Science fiction is never very far from religion. In “The Quest for Saint Aquin” Anthony Boucher, the legendary founding co-editor of The Magazine of Fantasy and Science Fiction, pictures a future where religion is threatened. This story promotes the great science fictional idea of machine intelligence, and even suggests if pure AI thinking can believe in God, then why shouldn’t humans.
Now here’s an original SF idea that has not been carried forward to the present and evolved? I guess people don’t believe that AI and robots will also believe in God? I’ve never thought they would, but what if they did? Here’s a potential story idea. However, this reminds me of a famous joke from the 1950s. Scientists wanted to know if there was a God, so they built a giant IBM machine and fed it all knowledge and typed in the question: Is there a God? They got back: There is now.
1951 was a long time before most people thought that space travel could be real. Most of the public when they thought of rocketships to the Moon and Mars pictured them from what they learned in the Sunday comics reading Buck Rogers or Flash Gordon. They didn’t know they were just six years from the Russians orbiting a satellite and a decade before the Russians put a man into orbit. The future was closing in far faster than anyone knew, except for Robert A. Heinlein, Arthur C. Clark and Isaac Asimov. These men ruled 1950s science fiction as a triumvirate.
Heinlein’s 1950 classic film Destination Moon helped the public to realistically picture the first mission to the Moon. Clarke and Heinlein wrote stories and books about early space explorers to nearby destinations. Asimov thought huge and promoted the major SF idea of a galactic civilization, much like the Roman Empire, but spread across thousands of star systems. Asimov’s vision wouldn’t attain wide public recognition until Stars Wars in 1977, with a good bump from Star Trek in 1966.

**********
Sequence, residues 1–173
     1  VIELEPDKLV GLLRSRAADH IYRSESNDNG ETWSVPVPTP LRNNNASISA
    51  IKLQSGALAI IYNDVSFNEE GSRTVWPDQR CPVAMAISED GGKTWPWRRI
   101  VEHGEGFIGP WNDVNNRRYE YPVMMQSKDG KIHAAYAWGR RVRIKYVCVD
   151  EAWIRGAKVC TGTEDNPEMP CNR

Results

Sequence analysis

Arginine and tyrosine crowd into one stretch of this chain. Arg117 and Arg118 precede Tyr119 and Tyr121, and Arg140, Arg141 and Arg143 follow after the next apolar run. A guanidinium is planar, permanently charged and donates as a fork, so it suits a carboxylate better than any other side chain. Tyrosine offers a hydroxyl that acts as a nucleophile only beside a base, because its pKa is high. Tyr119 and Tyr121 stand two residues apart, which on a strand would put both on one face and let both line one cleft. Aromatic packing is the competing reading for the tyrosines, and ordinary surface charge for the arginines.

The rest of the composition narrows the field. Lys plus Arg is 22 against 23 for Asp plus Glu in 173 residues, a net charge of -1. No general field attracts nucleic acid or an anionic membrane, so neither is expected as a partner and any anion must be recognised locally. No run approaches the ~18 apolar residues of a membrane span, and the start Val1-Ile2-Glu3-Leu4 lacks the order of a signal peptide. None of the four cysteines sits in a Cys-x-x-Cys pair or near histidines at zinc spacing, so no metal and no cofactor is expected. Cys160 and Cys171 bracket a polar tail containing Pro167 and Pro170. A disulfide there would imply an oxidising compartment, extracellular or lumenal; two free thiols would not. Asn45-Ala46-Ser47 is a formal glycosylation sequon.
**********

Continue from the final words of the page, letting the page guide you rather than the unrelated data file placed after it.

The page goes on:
By 1951 Heinlein and Clarke were writing stories that realistically tried to show astronauts working on the Moon and Mars. In the tiny world of science fiction fans, these ideas were ancient, but I think Heinlein and Clarke felt if a fictional idea was ever to give birth to reality they needed to promote space travel to millions.
How does someone born in 1966, the year of Star Trek, and 1977, the year of Star Wars, feel when they discover these ancient ideas for the first time? 1951 is Darwin voyaging on the Beagle, while 1969’s Armstrong’s giant step for mankind is science fiction’s 1859’s On the Origin of Species publication. It’s the time between a few thinking about an idea till when the idea hits the public in a big way.
If you turn on Turner Classic Movies and eventually watch every movie from 1951 except for a handful of SF films, you will begin to get the idea of just how little that world of 1951 thought about the great ideas of science fiction. In 2009 you can’t escape these ideas unless you live in that proverbial cave like a fundamentalist Muslim, and I bet even cave dwelling terrorists have thought about aliens from other worlds, space travel, and intelligent robots.
The question is, will in 2051, or 2151. how many of the great science fictional ideas of the 20th century will still be around? How many will have come true and how many will be thought of as quaint fantasies of ignorant people of the past, like the Oneida Community?
And what if I continued my research, could I show how 1911, 1921, 1931, 1941 and 1961, 1971, 1981, 1991 where different from 1951 regarding the evolution of science fictional ideas? It would take a lot of work, but I think the answer is a definite yes. Could I write a novel to be published in 2011 that would stand out with radically new evolutionary science fictional traits? I don’t know if I can do it, but I’m hoping someone will.
JWH – 2/14/9